"The federal government has a fiduciary trust responsibility under the Fort Laramie Treaty of 1868 to provide adequate resources to the Rosebud Sioux Tribe," Lisa White Pipe, a council member for the Rosebud Sioux Tribe, told Calvert's subcommittee last Wednesday.

According to Trump's Cabinet, the 2018 request fulfills those kinds of responsibilities, just not at the levels tribes want. Secretary Ryan Zinke, the new leader of the Department of the Interior, was upbeat even as his agency took at 10.9 percent hit in the budget.

"We fully support and fund our trust responsibility with a focus on self-governance, self-determination and sovereignty," Zinke said during a conference call with reporters.

The Department of Health and Human Services is slated for an even larger cut of 16.9 percent. Secretary Tom Price linked the reduction in funds to Republican efforts to overhaul the nation's health care system, which impacts revenues at the IHS.

“More money isn’t the answer; replacing a broken system is,” Price said in a statement.

Over at the Department of Housing and Urban Development, the proposal calls for the complete elimination of $60 million in funds for the Indian Community Development Block Grant Program, which benefits a wide variety of projects. The much larger Community Development Block Grant is also on the chopping block.

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“This budget reflects this administration’s commitment to fiscal responsibility while continuing HUD’s core support of our most vulnerable households,” Secretary Ben Carson said in a press release. “We will work very closely with Congress to support the critical work of our agency as we vigorously pursue new approaches to help work-eligible households achieve self-sufficiency.”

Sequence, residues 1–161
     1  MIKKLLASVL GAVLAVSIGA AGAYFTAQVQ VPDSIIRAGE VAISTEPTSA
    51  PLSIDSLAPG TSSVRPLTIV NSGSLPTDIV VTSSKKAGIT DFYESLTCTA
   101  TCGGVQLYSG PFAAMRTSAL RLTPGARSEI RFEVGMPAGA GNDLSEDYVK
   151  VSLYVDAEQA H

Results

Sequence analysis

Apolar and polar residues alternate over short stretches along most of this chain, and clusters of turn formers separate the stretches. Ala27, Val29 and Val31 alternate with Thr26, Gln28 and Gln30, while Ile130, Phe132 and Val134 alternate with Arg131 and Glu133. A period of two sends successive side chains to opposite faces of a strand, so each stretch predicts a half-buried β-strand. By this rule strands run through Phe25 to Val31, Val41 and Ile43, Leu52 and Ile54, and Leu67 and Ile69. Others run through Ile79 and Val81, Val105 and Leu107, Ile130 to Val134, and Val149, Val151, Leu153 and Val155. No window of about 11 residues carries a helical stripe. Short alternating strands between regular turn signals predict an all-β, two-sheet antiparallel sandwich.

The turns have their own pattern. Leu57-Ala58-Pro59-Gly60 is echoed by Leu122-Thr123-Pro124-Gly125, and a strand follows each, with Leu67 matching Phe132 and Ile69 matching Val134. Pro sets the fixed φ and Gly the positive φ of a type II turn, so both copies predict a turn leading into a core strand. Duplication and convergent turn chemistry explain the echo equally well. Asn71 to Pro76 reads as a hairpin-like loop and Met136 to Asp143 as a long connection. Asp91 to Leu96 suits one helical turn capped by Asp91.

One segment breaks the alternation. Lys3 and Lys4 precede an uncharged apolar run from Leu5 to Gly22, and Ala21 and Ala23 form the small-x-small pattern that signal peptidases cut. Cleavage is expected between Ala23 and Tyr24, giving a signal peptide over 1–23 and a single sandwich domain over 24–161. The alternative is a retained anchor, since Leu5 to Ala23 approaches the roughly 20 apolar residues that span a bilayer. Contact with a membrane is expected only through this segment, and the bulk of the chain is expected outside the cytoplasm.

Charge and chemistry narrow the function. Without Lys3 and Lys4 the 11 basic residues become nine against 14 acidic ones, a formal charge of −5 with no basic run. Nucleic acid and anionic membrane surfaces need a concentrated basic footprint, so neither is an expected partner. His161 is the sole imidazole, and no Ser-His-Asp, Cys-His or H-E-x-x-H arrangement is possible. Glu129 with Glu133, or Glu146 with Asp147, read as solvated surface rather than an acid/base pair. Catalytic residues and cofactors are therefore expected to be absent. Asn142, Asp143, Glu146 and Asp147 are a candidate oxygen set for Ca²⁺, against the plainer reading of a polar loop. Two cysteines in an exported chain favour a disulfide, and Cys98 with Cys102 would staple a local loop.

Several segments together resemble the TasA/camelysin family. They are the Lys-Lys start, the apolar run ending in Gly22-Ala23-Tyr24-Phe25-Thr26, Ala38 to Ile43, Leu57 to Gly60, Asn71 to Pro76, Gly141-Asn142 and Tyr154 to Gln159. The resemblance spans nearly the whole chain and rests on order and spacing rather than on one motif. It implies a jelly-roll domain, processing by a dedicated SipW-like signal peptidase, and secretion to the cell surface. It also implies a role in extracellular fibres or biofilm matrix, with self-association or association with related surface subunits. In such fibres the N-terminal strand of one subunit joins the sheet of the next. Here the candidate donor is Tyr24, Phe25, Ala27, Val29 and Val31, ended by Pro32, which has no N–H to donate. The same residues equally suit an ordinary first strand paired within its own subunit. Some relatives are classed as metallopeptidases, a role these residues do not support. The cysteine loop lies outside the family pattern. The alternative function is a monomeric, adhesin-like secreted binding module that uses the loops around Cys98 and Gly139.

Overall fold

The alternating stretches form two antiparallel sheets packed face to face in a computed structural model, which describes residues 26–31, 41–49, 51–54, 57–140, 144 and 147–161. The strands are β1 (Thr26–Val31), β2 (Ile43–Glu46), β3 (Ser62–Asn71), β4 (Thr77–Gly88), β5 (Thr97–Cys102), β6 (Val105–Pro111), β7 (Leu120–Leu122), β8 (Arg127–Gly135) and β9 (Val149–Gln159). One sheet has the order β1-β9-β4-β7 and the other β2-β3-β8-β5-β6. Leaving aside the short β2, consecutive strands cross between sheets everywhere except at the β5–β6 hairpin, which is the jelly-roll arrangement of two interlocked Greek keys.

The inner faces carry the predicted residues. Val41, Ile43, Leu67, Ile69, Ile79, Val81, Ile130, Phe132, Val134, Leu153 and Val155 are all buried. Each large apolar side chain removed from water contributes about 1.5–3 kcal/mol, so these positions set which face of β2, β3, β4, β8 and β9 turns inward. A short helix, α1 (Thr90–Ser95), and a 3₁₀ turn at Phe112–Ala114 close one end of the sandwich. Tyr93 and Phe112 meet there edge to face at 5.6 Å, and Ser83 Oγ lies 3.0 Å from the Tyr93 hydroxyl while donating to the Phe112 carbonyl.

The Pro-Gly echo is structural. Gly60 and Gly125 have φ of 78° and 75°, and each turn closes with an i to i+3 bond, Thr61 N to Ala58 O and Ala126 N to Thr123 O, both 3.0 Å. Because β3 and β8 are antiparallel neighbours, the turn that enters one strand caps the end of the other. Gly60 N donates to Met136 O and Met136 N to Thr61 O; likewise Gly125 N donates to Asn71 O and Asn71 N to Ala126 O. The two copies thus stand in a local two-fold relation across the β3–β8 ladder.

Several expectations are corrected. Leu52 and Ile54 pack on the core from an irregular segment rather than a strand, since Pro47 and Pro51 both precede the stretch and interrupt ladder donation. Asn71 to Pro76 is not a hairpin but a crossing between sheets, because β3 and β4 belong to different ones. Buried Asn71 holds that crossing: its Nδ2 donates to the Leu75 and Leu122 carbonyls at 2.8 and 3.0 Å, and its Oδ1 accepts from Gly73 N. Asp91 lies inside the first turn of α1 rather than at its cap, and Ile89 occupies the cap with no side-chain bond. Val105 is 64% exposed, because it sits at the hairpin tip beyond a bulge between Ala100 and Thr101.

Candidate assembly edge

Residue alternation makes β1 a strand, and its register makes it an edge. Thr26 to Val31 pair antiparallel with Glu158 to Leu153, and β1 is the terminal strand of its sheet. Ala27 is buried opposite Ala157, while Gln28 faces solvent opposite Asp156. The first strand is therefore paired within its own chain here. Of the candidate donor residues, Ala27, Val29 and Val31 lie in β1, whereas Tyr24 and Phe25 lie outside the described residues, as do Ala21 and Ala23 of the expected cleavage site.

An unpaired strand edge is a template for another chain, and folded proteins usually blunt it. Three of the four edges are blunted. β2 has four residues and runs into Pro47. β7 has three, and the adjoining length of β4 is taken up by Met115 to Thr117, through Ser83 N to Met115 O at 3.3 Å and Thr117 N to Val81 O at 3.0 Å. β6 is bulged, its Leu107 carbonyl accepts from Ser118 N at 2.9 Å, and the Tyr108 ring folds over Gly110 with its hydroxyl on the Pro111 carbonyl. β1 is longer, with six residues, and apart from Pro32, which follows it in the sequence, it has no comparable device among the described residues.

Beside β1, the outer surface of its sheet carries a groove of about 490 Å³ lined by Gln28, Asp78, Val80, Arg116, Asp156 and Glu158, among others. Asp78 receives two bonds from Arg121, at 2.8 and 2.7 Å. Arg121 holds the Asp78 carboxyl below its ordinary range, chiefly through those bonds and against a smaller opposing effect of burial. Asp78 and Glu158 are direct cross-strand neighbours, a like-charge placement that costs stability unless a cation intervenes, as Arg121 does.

Typically, the House Appropriations Committee starts working on funding bills in June. The goal is for Congress to enact the bills into law before the start of a new fiscal year on October 1.

Due to partisan disputes over budget priorities, that's rarely happened in recent years. Instead, Congress has resorted to "omnibus" bills that have included only modest gains for Indian Country programs.

Still, the proposal released by Trump fails to match even those levels. A summary of the request, in comparison to fiscal year 2017, follows.

Bureau of Indian Affairs
• $2.083 billion for most Indian programs, a reduction of $181 million.
• $241.1 million for contract support costs, a reduction of $34.5 million.
• $143.2 million for construction, a reduction of $50.3 million.